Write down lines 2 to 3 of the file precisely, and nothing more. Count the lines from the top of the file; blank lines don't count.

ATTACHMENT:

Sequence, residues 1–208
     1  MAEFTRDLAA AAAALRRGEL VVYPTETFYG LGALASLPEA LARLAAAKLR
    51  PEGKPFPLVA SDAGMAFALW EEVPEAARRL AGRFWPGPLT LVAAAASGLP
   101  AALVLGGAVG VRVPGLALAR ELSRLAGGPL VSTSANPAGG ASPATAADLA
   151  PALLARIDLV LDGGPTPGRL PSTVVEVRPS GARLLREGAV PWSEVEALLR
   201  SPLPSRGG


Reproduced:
     1  MAEFTRDLAA AAAALRRGEL VVYPTETFYG LGALASLPEA LARLAAAKLR
    51  PEGKPFPLVA SDAGMAFALW EEVPEAARRL AGRFWPGPLT LVAAAASGLP